How To Install Pathway Lights

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Estimated Time: 
4-5 hours
Can you dig it? The Easy Way to Install pathway Lights

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Where we did this project: This day-long project was part of our "First Impressions" video series, easy, do-it-yourself undertakings that can boost the curb appeal of any home in a big way. This project used a low-voltage transformer/plug with a timer, a set of hammered metal-style light fixtures, and a wire and connector set.
Who we did it with: Lana, our MSN Jane-in-Training
How long it took us: 4-5 hours
How much it cost us: $200
Jane Quotient: 2 out of 5

Looking for a front-yard upgrade that'll have visitors beating a well-lit path to your door? The answer is an easy to install pathway lighting set.

Minivan or cute convertible? Comfy shoes or sassy heels? Practical or pretty? Too often, we're forced to choose between form and function. But when it comes to the route that leads to your front door, you can have it both ways: a pathway lighting system that combines the safety and security of good exterior illumination along with decorative elements that enhance your landscaping.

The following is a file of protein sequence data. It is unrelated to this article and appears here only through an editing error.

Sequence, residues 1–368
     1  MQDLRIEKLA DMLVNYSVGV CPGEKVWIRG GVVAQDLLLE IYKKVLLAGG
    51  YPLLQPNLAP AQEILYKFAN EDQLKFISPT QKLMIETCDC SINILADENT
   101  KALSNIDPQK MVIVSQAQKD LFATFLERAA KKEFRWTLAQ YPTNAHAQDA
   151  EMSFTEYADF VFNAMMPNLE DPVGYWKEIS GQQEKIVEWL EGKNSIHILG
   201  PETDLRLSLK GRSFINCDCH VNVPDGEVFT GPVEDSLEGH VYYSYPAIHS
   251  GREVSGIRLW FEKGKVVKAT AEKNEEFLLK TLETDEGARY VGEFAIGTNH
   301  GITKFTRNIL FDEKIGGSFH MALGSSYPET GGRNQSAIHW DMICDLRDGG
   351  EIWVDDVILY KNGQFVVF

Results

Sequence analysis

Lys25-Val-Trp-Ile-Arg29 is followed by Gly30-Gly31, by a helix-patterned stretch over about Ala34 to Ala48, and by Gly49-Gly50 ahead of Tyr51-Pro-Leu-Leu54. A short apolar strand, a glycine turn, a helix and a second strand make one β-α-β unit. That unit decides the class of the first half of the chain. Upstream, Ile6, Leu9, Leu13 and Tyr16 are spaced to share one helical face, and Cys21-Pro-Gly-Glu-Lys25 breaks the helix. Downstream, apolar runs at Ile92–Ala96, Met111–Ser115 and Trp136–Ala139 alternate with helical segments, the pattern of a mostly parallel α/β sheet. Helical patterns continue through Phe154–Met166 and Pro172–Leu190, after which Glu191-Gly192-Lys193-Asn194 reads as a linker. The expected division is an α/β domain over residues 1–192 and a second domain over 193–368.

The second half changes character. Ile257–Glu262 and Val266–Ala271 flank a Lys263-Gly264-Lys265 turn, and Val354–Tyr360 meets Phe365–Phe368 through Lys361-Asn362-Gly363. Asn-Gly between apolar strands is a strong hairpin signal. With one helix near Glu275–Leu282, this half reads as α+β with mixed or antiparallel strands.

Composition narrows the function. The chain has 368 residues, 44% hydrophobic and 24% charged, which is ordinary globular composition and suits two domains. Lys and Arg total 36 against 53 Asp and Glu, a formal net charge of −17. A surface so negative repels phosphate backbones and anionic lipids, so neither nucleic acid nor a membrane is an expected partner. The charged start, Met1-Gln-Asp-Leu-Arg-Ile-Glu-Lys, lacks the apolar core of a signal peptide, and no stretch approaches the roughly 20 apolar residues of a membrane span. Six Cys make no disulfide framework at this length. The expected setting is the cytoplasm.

DESIGN PHASE

Selecting the Right Lights for Your House

Our Jane-in-Training, Lana, wanted a simple set of lights to lead visitors to her front door and reinforce the Tuscan theme she'd established with her driveway, garage door, and carriage lights. Like many people, she had no experience working with electricity, but soon discovered that installing a low-voltage lighting set is both safe and easy to accomplish, as long as you follow a few simple precautions.

SAFETY TIP: Most pathway lighting sets use low-voltage systems, making them easier to work with and safer. However, you should NEVER work on any electrical system or device while it's plugged in. In this case, we only plugged the system in after we were finished connecting all wires and were ready to test it.

pathway lights2PLANNING PHASE

Kit or Components?

Measure your pathway, determine how many fixtures you'll need and start shopping. Look for a style that complements your decor and doesn't draw too much attention to itself. Remember the lights need to look good in the day and the night.

Buying a complete set of lights and bases, connecters, wire, and transformers is the easiest way to go, but don't settle for a kit in the wrong style or with too few fixtures. Determine where your power source is (typically an outdoor outlet). If your kit doesn't include enough wire to run all the way to your source, buy the components, including some additional wire.